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  • « Images of the Savior (27 -- The Institution of the Aaronic Priesthood) | Main | Free Will in Philemon 1:14 »

    Billy Graham - 50 years ago

    Church History did not start with Billy Graham but as this video of a sermon on "the Great Judgment" 50 years ago shows, God certainly used him mightily both at home and abroad, as the simple Gospel thundered from his lips.

    Steve Camp wrote on his blog: My father worked with Billy in the early days and helped launch his ministry in radio around the country. This is the evangelist/Bible preacher I so appreciate. My friend, the late Stephen Olford, told me once of his early encounter with Billy before the Lord granted him a wider audience to preach to. He said that Billy's preaching was average, his understanding of biblical truths ordinary, and the results almost nonexistent. But they embarked together on a journey spiritually over the next several weeks of confession of and repentance of sin; and a concentrated study of God's Word and long seasons of prayer.

    I will never forget what Dr. Olford then said to me, "Steve, for reasons known only to heaven, the next time Billy preached the Holy Spirit was at work; people came and filled the churches; and before the end of the sermon could even be concluded, they were streaming down the aisles in repentance of their sins to receive and follow the Lord Jesus Christ."

    How I treasured hearing this message this evening and I pray it will encourage your soul as well. Oh for THAT Dr. Graham to be duplicated once again in today's young men of God seeking to serve the Lord Jesus! There was never the mark in those crusades of the sooty ordure of the culturally driven preachers like there is today. On the contrary: the Word preached faithfully and the gospel presented clearly.

    True biblical ministry is not defined by the times, but by the truth of God's Word. It was enough then... and it should be enough in ministry today as well.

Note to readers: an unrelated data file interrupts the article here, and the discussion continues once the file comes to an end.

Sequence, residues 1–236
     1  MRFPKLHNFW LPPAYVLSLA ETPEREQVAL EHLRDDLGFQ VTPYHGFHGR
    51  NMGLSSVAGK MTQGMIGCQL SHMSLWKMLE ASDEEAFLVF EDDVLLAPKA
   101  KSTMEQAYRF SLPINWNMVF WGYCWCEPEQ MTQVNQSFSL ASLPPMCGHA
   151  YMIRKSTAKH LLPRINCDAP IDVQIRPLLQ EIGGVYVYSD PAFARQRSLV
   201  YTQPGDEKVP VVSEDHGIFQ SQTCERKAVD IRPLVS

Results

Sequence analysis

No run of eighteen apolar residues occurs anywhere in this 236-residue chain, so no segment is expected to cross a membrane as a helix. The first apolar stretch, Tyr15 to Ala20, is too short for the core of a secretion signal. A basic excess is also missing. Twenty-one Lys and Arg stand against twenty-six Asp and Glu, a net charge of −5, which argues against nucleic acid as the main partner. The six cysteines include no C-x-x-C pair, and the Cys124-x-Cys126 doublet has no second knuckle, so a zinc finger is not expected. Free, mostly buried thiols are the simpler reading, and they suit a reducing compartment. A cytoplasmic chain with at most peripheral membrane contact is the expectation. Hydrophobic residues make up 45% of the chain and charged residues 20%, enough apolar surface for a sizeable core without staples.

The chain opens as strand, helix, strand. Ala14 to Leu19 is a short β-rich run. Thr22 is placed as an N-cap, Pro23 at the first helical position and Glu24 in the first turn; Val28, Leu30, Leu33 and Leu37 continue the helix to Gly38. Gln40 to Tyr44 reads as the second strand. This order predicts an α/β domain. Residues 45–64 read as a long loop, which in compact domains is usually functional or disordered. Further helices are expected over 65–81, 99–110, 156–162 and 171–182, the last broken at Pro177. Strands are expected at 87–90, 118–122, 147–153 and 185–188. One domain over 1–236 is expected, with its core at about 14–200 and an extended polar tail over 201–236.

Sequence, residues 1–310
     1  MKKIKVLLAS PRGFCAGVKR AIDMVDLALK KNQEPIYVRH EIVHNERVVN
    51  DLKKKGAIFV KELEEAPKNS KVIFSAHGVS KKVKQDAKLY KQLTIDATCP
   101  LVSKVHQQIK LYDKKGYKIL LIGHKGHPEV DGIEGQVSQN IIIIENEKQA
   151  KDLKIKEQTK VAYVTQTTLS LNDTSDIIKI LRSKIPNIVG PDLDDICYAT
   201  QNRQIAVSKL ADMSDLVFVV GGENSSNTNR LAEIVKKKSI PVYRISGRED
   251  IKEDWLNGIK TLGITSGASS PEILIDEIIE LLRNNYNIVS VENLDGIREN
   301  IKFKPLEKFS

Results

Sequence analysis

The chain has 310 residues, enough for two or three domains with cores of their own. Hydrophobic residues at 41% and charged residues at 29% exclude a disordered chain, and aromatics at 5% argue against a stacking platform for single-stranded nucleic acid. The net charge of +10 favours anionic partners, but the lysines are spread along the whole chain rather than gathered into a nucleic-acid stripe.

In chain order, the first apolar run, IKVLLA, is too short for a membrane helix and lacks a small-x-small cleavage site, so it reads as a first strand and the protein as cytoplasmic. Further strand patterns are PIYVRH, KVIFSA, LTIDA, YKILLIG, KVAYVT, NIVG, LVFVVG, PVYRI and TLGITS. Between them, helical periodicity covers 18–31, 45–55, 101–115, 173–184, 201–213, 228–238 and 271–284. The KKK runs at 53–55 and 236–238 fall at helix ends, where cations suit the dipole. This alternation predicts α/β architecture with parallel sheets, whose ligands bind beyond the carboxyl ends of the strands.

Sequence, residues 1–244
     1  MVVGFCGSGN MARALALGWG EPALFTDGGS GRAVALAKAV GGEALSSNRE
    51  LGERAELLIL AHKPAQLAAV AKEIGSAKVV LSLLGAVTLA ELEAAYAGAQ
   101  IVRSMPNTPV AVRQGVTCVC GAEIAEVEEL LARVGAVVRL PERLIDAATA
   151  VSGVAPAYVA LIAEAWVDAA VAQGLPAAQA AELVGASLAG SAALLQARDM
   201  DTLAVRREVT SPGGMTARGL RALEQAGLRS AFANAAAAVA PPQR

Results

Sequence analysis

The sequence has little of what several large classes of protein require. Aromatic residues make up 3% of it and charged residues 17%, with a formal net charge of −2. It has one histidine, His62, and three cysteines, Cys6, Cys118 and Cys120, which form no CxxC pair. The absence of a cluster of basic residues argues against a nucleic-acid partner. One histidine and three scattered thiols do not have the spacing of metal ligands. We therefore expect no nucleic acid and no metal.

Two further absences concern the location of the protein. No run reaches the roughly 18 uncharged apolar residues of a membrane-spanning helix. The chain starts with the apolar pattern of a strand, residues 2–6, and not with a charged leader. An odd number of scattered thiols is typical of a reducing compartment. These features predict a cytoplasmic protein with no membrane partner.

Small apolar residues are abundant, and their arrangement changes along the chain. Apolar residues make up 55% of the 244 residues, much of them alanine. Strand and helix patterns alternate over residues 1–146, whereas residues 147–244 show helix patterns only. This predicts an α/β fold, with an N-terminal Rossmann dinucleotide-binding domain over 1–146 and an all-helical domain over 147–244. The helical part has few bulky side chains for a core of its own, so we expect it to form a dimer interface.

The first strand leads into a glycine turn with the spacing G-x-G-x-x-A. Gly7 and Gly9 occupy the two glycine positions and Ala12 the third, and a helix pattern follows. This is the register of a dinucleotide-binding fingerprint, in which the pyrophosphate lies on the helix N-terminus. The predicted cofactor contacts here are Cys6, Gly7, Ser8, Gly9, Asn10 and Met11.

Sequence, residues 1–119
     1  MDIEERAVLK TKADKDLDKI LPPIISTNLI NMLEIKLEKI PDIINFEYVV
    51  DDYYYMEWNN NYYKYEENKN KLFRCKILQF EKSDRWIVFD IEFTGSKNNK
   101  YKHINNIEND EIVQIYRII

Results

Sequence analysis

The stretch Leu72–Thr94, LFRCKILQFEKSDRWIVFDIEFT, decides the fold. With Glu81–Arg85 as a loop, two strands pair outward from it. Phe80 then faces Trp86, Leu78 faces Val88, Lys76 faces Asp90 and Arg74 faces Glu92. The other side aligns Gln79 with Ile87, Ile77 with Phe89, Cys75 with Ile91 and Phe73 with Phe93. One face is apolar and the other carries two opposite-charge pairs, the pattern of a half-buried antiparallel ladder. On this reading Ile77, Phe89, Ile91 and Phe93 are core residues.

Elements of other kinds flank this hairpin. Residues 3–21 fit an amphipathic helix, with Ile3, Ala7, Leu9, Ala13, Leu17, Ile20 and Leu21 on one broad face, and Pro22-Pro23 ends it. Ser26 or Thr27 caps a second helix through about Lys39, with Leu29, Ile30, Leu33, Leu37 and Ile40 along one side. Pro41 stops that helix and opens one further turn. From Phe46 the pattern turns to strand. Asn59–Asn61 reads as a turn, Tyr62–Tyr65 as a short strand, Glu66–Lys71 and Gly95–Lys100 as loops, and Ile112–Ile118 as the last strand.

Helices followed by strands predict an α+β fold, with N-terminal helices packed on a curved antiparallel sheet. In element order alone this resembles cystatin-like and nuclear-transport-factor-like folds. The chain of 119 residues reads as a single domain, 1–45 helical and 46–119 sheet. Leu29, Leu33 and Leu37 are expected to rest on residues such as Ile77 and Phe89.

Amen? Amen!

    Posted by John Samson on October 11, 2008 12:50 AM


    I don't want to be the bear here, and yet Billy also compromised heavily, according to well-respected teachers and pastors throughout evangelicalism, to collaborate with theological modernists and liberals so far removed from orthodoxy as to deny essentials of the faith (high & modernist angelicans, for example) so that he helped fill the pews of cults, Catholics, Anglicans, etc. because of that ecumenism: some close to him described it woefully as these people who despised him used him to do this; others were more discerning and have warned for years that his understanding of even gospel basics (like that Jesus washes sin away by His blood, not covers it as Billy would preach) were more than deficient.

    Billy wasn't so thunderous as mixed, and it is tragic, and has shown in the later years as he gradually gave way to liberalism himself, telling of his comfort with "brothers" in Catholic services; denying Christ on Larry King and on Robert Schuller's hour of power; but anyone who dared bringing these up was booed as overly judgmental critical spirits who were attacking a Christian brother...even though few were averse to men doing the same for deniers of Christ like Joel Olsteen.

    More than anything regarding Billy Graham, I think, he needs prayer that he actually be found in the faith, and not deceived. In preaching some came to believe, many fell away, and unbelieving "Christians" with whom he desired to cooperate to draw bigger crowds filled their pews: sending the flock to the slaughter among doctrinal and theological wolves.

    No offense, but I don't celebrate the man's overall work: I grieve over it as a sad mixture, for which we'll feel reverberating effects, especially for the poor example of cooperating with pseudobrethren "in the name of Christ", against scripture command, for years and years to come: while men all along, undiscerningly, praise the man, and not THE MAN, the Person, proclaimed in the message.

    Emotional "responses" and "decisions", effected through crowd-dynamics and the pressure of "walk the aisle to show" tactics, are not valid measurements of real power or effect of a ministry, or its value. I'm afraid Billy did what Charles Finney did, preaching waterily (increasingly over the years) and using "the right means" rather than leaving it to God, except whereas Finney produced a tiny "burnt over district", Graham did it world wide.

    This is not something to celebrate, it is a tragedy.


    I sense the need to be fair, balanced and political in this post on Billy Graham. Graham indeed gave up orthodoxy later in life as the last poster mentioned. I think this quote sums it up.

    "I fully adhere to the fundamental tenets of the Christian faith for myself... but as an American, I respect other paths to God."

    I agree with the comments especially the one in Nathan post what a sad statement by one supposedly being a preacher of the gospel of Jesus Christ

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